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The art of giving and taking criticism

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The art of giving and taking criticism

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This post provides a few rules that help with giving and taking criticism.

Giving criticism

Quoting “ There’s No Such Thing as Constructive Criticism” by Tony Schwartz for Harvard Business Review:
The problem with criticism is that it challenges our sense of value. Criticism implies judgment and we all recoil from feeling judged. As Daniel Goleman has noted, threats to our esteem in the eyes of others are so potent they can literally feel like threats to our very survival.

The conundrum is that feedback is necessary. It's the primary means by which we learn and grow.

The three rules that Schwartz gives are brilliant. Paraphrased:
  1. Don’t criticize if you feel your own values are threatened. Figuring out when that happens is difficult, because we often don’t know what threatens us or why we feel threatened. A useful clue is feeling uneasy about something. This uneasiness is often disguised as a righteous cause. Note that I’m not saying that such causes don’t exist, but you need to be aware of your own motivations, before you accuse others.
  2. Make sure that you don’t threaten someone else’s values.
  3. Don’t think you are right about something. You never have all the facts. Ever.
There is always an element of violence in criticizing others. You tell them that they are wrong. You might think that you are helping, but that never takes away the violence. An alternative to criticizing is asking questions. That works especially well if your own life isn’t directly impacted by what someone else does and you can actually afford to be laid back about it (god knows that even then, we aren’t always). Compared to telling the other person that they are stupid, a key benefit is that you don’t look like an idiot if it turns out that you were wrong or misunderstood something. Chances are that you just don’t know why someone does something differently from what you consider best. They might even already have thought about your suggestion, but dismissed it for various reasons (no time, not a priority, will do it later, etc.).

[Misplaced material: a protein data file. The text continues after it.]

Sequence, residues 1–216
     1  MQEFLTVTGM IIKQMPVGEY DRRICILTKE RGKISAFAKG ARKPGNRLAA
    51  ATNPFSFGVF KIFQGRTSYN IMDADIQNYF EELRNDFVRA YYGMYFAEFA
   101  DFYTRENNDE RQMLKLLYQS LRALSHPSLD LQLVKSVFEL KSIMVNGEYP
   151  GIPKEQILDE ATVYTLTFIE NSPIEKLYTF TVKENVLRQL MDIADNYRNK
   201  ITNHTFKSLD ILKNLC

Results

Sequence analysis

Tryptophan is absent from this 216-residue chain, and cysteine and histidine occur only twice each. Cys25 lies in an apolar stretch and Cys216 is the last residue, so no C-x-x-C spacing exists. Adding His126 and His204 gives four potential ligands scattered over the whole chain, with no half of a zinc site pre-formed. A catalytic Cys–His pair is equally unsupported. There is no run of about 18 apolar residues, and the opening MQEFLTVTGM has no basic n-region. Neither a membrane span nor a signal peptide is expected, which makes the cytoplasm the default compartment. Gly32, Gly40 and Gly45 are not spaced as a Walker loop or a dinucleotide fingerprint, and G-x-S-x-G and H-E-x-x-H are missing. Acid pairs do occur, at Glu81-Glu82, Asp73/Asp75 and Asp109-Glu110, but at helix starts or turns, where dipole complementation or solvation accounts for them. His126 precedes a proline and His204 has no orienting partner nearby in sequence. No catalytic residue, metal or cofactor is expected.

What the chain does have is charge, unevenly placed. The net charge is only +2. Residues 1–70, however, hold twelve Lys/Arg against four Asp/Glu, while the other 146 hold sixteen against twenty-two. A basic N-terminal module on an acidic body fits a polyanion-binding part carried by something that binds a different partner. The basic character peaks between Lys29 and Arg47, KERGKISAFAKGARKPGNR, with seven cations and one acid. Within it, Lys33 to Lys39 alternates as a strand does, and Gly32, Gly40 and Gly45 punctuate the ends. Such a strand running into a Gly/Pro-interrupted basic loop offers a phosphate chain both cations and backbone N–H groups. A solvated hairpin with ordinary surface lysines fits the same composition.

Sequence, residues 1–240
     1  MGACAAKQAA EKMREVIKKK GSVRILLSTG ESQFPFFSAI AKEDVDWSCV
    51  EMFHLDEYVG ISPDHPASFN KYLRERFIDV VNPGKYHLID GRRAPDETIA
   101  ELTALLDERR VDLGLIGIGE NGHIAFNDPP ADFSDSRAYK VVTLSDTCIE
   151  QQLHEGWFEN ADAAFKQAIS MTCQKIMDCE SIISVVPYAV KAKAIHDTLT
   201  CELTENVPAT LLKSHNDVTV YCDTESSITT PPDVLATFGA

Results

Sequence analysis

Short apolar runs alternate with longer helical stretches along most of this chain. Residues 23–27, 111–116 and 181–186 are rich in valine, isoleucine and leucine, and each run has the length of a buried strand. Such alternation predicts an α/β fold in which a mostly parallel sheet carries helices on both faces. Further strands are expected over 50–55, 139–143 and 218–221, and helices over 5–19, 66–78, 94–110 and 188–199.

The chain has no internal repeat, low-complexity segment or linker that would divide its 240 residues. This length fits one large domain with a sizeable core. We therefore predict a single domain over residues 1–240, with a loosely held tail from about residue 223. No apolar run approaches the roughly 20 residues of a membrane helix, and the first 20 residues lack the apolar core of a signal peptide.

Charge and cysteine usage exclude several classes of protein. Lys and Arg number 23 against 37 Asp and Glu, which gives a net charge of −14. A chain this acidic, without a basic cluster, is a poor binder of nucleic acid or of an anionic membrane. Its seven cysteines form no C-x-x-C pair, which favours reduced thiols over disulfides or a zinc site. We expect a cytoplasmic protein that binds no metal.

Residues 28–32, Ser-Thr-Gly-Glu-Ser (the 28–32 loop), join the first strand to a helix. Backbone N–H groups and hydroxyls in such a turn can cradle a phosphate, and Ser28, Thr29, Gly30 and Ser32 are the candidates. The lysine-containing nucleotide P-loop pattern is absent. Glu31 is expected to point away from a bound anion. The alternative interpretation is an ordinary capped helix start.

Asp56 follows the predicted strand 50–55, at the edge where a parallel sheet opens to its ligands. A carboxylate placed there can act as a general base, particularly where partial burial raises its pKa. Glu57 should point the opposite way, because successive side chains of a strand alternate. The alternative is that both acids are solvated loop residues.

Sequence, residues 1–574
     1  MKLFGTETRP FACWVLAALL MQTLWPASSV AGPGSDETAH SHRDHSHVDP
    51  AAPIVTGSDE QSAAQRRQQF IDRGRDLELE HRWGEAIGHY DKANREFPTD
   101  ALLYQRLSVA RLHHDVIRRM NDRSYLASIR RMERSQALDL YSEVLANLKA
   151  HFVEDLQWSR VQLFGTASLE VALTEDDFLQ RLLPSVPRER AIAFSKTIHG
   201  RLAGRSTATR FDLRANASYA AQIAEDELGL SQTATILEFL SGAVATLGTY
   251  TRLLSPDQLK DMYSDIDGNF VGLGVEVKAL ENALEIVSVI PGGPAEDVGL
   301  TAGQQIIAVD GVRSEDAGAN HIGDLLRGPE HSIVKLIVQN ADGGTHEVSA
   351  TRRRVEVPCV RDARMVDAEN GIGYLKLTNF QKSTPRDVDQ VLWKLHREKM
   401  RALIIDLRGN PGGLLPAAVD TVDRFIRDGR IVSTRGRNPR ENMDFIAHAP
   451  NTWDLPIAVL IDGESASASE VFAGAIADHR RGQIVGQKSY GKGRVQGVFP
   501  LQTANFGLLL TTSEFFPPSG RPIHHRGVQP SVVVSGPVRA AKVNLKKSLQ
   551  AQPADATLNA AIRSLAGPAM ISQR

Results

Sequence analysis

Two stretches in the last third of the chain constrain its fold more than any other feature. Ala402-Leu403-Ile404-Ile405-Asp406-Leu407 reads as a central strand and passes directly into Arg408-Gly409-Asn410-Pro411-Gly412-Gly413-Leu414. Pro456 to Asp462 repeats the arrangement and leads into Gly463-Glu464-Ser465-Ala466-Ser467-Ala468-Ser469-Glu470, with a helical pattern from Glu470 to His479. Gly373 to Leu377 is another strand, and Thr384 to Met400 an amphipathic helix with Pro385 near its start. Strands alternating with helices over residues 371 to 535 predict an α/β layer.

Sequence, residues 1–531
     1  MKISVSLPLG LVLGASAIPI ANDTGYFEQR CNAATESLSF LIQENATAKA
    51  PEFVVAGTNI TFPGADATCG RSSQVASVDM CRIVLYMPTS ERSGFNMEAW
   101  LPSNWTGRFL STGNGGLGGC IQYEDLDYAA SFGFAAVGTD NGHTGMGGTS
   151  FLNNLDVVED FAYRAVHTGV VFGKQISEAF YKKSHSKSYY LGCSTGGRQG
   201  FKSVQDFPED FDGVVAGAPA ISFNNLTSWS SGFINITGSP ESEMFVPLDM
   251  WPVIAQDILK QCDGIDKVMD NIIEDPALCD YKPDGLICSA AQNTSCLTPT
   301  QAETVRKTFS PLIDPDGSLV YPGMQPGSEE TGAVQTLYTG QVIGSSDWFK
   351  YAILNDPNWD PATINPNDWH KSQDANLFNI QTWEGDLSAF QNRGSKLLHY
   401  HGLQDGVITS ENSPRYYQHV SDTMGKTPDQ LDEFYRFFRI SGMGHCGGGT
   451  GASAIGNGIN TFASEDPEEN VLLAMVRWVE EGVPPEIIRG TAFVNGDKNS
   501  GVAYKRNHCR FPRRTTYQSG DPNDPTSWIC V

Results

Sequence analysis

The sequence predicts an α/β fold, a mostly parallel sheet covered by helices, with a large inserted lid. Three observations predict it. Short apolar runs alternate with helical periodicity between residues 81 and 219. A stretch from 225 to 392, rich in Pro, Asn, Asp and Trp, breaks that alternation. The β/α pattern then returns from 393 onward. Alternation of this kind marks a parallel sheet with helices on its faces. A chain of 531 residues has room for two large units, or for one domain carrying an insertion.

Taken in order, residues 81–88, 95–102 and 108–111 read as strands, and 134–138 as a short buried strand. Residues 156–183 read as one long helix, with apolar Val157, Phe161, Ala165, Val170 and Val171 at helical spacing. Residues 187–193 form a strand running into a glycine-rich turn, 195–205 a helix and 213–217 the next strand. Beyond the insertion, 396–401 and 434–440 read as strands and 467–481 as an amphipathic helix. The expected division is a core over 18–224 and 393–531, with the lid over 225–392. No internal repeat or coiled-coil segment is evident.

Taking criticism

Whenever you expose your own acts of creativity to the world, you are putting yourself in a vulnerable position: Now anyone can take them apart and criticize them (and – by proxy – you). The dangers are increased by the fact that many people enjoy putting other people’s achievements down. So how do you cope with that?
  • Focus on the benefits you reap: Seeking a larger audience is the only way of getting as much useful feedback as possible. You get to know ideas that are different from yours, often radically so – it’s impossible to come up with those ideas on your own. So, for very selfish reasons, you should love criticism, it’s a competitive advantage.
  • Ask the other party to be specific: Much criticism is initially sweeping and general. Such criticism can make you feel incredibly bad, because there is nothing that can be refuted. It especially affects people who are highly critical of themselves. General criticism isn’t worth anything. But there is an easy way to react to it, to turn it into something useful: Ask the other party what specifically they don’t like, what concrete suggestions they have for improving things. The latter puts the ball back in their court and forces them to be constructive.

Related posts

  1. Dealing with hostile people
  2. Dealing with demanding people


From http://www.2ality.com/2011/12/criticism.html

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